The following is a transcript from an interview I participated in for a friend’s Developmental Psychopathology course.
What was the diagnosis that took place? What age was the diagnosis at?
I had extreme disordered eating, exercise compulsion, and orthorexia (but orthorexia is not officially recognized by the DSM* yet). I was not officially diagnosed with anorexia but was extremely close. The DSM criteria for weight was missed slightly, even though I considered myself a full-fledged anorexic.
*DSM refers to the Diagnostic and Statistical Manual of Mental Disorders.
Who diagnosed you? (Doctor, psychologist, psychiatrist, etc.)
A registered dietitian who specializes in eating disorders.
Lowest weight? BMI percentile (if you know it)— height at the time?
89 pounds at 5’1.” BMI 16.8, underweight category.
Would you say there was an intense fear of gaining weight or becoming fat at the time?
YES. Yes. Yes.
What was a persistent behavior that interfered with the possibility of gaining weight?
Calorie counting, restrictive eating, obsessive exercise, unhealthy obsession to only eat “clean” (called orthorexia). Literally was terrified of anything high calorie, processed, or refined.
Would you say you didn’t really recognize the seriousness of what was happening for a while? When did you realize it?
Definitely. My hair was falling out, I bruised very easily, I was freezing all the time, I developed gallstones, but all I cared about was being a double zero pant size. I didn’t realize the severity of what was happening until I had to have my gallbladder removed at age 16 and the doctors questioned my parents about my weight. They suspected I was being starved at home.
Did you suffer from electrolyte imbalance? If yes, any cardiac arrhythmias? Hypokalemia (low potassium levels)? Osteopenia (reduced bone mass)?
Probably all of these but never had bloodwork or a DEXA scan. I did experience heart palpitations all the time.
Did you also struggle with depressive and/or suicidal thoughts? Anxiety?
Depression and anxiety, yes. I had panic attacks when I had to eat and emotional breakdowns every day. I was never suicidal but hated my life.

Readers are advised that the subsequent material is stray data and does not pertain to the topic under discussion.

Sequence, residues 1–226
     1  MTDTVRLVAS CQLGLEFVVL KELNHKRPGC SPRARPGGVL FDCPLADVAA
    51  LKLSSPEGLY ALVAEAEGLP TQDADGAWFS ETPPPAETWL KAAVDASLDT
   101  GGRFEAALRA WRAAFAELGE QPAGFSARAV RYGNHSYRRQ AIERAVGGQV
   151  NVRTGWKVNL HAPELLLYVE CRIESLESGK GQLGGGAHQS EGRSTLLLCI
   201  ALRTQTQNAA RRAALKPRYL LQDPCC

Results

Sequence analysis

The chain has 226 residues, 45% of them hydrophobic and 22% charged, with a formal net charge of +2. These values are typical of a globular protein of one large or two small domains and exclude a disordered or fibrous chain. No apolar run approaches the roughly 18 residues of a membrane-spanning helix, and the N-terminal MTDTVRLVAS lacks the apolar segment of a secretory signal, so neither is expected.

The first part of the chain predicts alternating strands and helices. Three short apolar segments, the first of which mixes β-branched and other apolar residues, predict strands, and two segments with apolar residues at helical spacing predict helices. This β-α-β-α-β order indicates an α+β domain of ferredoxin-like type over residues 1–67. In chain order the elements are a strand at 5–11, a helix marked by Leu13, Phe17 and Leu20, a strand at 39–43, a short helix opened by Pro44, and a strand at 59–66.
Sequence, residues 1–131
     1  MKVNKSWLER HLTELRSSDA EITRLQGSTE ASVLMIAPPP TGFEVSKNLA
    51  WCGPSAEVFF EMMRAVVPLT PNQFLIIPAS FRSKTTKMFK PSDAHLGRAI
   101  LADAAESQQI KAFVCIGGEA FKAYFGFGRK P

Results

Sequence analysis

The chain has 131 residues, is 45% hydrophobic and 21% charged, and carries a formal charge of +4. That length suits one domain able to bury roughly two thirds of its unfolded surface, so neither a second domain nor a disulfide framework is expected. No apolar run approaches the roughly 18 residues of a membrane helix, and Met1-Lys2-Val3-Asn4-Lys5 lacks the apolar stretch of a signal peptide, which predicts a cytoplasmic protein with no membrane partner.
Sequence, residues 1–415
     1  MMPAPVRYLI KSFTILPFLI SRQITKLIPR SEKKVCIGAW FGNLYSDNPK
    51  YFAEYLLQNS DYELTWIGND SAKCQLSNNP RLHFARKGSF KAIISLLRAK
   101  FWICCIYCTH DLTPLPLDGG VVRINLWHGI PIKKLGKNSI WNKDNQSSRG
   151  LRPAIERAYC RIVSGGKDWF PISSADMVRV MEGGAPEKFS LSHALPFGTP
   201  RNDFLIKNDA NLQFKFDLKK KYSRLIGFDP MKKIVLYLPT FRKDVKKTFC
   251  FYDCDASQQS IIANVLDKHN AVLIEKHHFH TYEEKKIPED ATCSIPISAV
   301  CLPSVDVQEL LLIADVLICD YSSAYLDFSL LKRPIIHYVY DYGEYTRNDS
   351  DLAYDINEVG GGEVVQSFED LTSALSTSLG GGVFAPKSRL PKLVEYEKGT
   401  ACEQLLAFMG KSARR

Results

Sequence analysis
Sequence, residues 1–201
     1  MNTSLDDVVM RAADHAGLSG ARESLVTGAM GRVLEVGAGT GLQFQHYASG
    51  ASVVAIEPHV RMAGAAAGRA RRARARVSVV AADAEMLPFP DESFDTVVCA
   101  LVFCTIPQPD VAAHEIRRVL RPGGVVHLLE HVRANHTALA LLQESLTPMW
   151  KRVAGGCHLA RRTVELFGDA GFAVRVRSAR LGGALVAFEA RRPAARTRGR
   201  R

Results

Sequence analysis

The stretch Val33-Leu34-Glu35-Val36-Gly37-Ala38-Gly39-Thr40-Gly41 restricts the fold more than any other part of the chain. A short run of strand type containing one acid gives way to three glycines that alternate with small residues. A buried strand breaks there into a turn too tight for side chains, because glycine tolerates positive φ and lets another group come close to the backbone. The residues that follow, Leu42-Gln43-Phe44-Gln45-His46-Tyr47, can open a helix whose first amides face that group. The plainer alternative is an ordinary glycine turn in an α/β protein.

What issues happened in your family?
My relationships were terrible. I fought with my parents all the time. My grandmother who was always my best friend would yell at me out of fear and force me to get counseling by the dietitian. I was very angry and bitter. Our relationship suffered immensely. I lost the majority of my friends as well.
The trigger to the whole beginning of it?
I was always heavier and out of shape growing up. I was bullied by kids in school and one day I decided I just wasn’t going to eat anymore.
Tell me about your recovery. Who helped you? What was the recovery like? Would you said you’re still recovering? Tell me all the positives that came out of your experience.
My recovery will probably go on for the rest of my life. I still struggle with eating and exercise habits sometimes. I still track everything I eat every single day. For a while I settled with mediocre recovery – I was a healthy weight again but still punished myself with hours of cardio exercise, I joined sports teams just to stay skinny, I was still terrified of “unhealthy” foods. It wasn’t until I started studying nutrition, dietetics, and exercise science that I overcame these things. I don’t think I truly “recovered” until the end of 2018. These disorders started in 2011, and I was always on some sort of crash diet since I was 10 years old. Still, more good came out of it than bad.
I would not be the person I am today had these experiences not happened. I now study nutrition and exercise science because of my past and live a very happy, fulfilling, and balanced life. I have already been accepted to a Dietetics Master’s program and was granted an internship. I am at the top of my cohort academically because I am so passionate about helping people overcome psychological issues with food and weight loss. I enjoy “junk” foods in moderation. Now I exercise because I love working out, not because I hate myself or feel the need to burn hundreds of calories as punishment for eating. I changed my sport to powerlifting because of my past. I now appreciate my body for what it can do, rather than how much it weighs. My purpose in the gym is to be strong, not skinny. I track progress by how much weight I can lift, instead of how many ribs I can count. Overall, I am very grateful for my past because it shaped the woman I am today.